Koala, by Claire Saxby & Julie Vivas

In a high tree fork, a grey ball unfurls. Tall as a toddler, a dozy young koala sniffs at leaves. … Climb, little Koala,
it’s dinner time.

Following the adventures of one young koala as it becomes time for him to separate from his mother and find his own way in the world, Koala is a wonderful blend of narrative and fact. Koala must overcome hunger, predators, natural disasters, and even other koalas before, finally, he finds a new home where he can live safely.

Part of the wonderful nature Storybooks series, Koala uses narrative non-fiction to trace the life of a fictional koala, grounded in fact, and supported on each spread by additional facts. The text is lyrical, making it accessible and a joy to read, and the illustrations, by one of Australia’s best-loved illustrators, Julie Vivas, are superb.

A must have for Australian homes and classrooms, Koala is also sure to be enjoyed by overseas audiences.

Koala, by Claire Saxby & Julie Vivas
Walker Books, 2017
ISBN 978192512639

I Don’t Like Koala by Sean Ferrell ill Charles Santoso

Adam does not like Koala.

Koala is the most terrible terrible.

He has terrible eyes that follow Adam everywhere he goes.

Adam does not like Koala.

Koala is the most terrible terrible.

He has terrible eyes that follow Adam everywhere he goes.

Adam takes a very active dislike to Koala from the moment he receives the gift. First Adam tries to tell his parents, but they don’t understand. Every night, they tuck Koala into bed with him before they turn off his light. Adam tries to ‘lose’ Koala, in all sorts of creative ways, but somehow Koala is always found before bedtime. Always. Illustrations are pencil  and mostly in very neutral browns and greys, with only a few elements picked out in colour. White space (or almost white) is used to increase tension and night scenes are shown with dark greeny-blacks that keep the focus tight on Adam and Koala.

I Don’t Like Koala is a striking picture book, full of dark humour. It is sophisticated and simple, allowing the reader plenty of room to bring their own ideas and experience. It is beautifully spare in both text and illustration and invites slow page-turning as the details reveal themselves. It’s just a little bit spooky, in the most delicious way. Is Koala really playing an active role, or is it all in Adam’s imagination? Recommended for early schoolers.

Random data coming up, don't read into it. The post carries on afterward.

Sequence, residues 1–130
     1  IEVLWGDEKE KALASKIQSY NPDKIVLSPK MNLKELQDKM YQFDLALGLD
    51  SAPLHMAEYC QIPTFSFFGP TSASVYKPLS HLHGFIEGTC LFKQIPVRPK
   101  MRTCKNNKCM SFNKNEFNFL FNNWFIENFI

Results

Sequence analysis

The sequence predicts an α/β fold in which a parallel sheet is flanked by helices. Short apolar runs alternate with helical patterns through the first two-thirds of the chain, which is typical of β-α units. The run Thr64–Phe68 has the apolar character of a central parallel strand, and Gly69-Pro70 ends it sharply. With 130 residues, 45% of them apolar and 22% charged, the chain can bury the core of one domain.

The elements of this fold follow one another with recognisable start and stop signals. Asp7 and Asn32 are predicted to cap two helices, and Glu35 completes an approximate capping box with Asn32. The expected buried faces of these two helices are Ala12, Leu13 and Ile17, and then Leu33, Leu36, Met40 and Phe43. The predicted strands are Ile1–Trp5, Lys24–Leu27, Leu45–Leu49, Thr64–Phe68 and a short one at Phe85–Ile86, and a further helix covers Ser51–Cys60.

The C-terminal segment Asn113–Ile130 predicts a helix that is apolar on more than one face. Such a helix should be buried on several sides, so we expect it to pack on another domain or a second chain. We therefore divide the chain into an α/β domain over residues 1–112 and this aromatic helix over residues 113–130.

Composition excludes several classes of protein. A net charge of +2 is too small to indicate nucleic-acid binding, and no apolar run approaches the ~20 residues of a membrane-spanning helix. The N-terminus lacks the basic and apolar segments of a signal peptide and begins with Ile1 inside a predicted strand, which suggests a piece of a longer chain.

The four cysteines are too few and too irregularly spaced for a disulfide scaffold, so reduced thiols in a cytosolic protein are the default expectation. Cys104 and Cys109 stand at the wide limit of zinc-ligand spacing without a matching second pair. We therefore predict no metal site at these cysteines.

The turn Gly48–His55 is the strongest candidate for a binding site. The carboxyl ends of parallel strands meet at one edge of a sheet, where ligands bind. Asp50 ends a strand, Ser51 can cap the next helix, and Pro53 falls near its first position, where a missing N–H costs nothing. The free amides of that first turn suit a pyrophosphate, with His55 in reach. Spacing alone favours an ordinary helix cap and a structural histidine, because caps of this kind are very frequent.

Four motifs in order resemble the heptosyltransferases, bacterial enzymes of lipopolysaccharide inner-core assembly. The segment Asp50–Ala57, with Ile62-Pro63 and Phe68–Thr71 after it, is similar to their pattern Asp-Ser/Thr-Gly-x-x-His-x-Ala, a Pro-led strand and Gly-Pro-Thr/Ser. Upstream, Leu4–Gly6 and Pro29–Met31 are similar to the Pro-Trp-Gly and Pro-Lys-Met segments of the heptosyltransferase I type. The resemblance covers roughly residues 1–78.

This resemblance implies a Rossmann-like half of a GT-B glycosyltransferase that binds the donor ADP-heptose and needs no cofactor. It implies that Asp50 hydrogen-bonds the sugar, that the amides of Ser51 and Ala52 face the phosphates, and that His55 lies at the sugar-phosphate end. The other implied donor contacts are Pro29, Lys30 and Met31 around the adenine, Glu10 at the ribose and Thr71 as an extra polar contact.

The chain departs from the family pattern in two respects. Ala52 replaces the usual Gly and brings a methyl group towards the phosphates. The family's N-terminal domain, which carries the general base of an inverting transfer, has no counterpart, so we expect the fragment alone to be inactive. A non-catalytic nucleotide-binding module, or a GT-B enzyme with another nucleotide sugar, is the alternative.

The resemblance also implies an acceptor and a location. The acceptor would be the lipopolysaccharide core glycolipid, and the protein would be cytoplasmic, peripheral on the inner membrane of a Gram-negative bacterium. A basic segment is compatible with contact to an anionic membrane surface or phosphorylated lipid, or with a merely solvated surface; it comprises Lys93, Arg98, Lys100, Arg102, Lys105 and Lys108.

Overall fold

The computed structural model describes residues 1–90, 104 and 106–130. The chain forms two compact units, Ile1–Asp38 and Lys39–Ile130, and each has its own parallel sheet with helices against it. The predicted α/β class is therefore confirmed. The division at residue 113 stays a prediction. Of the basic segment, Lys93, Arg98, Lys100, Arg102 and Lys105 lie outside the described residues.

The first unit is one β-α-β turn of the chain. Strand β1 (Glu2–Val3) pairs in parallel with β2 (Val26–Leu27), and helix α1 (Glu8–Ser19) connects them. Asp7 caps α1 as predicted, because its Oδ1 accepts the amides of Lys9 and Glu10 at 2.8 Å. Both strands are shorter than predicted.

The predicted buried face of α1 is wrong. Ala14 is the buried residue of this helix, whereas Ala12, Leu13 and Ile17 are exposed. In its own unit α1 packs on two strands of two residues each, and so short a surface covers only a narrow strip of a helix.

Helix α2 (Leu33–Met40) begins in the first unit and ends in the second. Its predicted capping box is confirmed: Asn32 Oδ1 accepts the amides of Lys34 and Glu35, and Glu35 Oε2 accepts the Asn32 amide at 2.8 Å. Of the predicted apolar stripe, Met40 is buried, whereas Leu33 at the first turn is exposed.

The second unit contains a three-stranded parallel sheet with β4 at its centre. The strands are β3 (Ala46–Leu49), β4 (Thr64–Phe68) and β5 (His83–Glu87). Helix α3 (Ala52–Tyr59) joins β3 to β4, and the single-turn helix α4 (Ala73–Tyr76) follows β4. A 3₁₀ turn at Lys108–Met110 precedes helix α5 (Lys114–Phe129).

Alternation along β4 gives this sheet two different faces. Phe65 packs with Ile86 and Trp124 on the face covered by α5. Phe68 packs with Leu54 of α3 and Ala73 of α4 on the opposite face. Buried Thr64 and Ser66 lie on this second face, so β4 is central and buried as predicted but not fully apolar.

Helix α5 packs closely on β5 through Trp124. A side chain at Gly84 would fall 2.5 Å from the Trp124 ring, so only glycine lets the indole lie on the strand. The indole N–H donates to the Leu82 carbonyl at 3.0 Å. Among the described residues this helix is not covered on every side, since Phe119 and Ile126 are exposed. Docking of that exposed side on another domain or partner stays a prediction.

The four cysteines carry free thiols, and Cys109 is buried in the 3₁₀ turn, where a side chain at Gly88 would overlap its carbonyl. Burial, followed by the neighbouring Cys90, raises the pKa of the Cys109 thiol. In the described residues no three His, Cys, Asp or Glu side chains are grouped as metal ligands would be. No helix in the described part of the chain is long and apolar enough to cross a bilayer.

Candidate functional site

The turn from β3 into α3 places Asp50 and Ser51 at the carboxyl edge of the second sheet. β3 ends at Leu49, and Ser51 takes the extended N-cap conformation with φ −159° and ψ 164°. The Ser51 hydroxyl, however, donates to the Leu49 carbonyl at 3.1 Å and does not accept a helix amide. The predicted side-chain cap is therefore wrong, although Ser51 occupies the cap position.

I Don’t Like Koala, Sean Ferrell ill Charles Santoso
Koala Books for Scholastic 2015

ISBN: 9781742761497

review by Claire Saxby, Children’s author and bookseller


Father Koala's Nursery Rhymes, by Kel Richards

Tom, Tom the piper’s son,
Stole a pig and away he run.
Tom got caught, the pig got away,
And Tom went sailing to Botany Bay.

There is no doubt that kids enjoy hearing silly poetry – the sillier, the better. And Father Koala’s Nursery Rhymes is full of silliness.

Australian versions of popular nursery rhymes fill the pages, with Three Fat Chooks (instead of Three Blind Mice), Here We Go ‘Round the Banksia Bush, Swaggie Put the Billy On and many more. The comic illustrations of Glen Singleton complement the humour of the rhymes and, in many instances, outshine it.

This is not great literature, but is something children will enjoy.

Father Koala’s Nursery Rhymes, by Kel Richards, illustrated by Glen Singleton
Scholastic, first published 1992, this edition 2005